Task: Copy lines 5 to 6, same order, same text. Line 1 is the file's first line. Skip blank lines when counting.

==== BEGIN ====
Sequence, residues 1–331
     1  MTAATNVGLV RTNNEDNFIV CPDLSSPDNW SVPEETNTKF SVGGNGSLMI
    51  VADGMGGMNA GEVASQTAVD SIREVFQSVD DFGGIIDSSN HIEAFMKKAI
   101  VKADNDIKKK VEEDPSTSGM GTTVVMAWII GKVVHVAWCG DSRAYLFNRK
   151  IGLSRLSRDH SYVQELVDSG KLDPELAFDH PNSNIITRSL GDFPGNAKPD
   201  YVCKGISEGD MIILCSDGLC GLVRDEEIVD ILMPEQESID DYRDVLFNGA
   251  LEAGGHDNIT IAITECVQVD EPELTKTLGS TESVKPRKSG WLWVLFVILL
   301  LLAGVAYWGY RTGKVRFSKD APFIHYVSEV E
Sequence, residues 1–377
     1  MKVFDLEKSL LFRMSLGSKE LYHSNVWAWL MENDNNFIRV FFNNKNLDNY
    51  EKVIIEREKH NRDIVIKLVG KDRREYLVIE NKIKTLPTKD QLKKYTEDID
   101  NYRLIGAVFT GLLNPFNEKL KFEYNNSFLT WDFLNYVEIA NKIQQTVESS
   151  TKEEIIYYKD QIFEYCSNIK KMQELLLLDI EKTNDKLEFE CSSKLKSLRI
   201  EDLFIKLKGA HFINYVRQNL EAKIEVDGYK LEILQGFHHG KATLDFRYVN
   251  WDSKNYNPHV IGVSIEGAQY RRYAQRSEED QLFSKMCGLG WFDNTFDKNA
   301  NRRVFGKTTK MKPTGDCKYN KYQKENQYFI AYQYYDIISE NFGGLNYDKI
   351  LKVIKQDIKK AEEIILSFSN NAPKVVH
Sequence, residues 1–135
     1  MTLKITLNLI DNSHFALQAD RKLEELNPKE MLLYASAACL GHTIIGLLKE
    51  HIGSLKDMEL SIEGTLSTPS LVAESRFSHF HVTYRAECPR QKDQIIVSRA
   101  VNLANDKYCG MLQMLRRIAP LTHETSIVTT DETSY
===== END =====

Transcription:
   151  IGLSRLSRDH SYVQELVDSG KLDPELAFDH PNSNIITRSL GDFPGNAKPD
   201  YVCKGISEGD MIILCSDGLC GLVRDEEIVD ILMPEQESID DYRDVLFNGA